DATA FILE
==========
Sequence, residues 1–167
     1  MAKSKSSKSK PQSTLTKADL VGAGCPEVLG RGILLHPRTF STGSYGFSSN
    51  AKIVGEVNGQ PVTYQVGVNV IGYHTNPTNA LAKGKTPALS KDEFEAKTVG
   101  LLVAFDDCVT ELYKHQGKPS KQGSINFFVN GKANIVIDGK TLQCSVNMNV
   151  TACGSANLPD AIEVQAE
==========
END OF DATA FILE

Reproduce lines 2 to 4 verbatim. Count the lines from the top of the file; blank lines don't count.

     1  MAKSKSSKSK PQSTLTKADL VGAGCPEVLG RGILLHPRTF STGSYGFSSN
    51  AKIVGEVNGQ PVTYQVGVNV IGYHTNPTNA LAKGKTPALS KDEFEAKTVG
   101  LLVAFDDCVT ELYKHQGKPS KQGSINFFVN GKANIVIDGK TLQCSVNMNV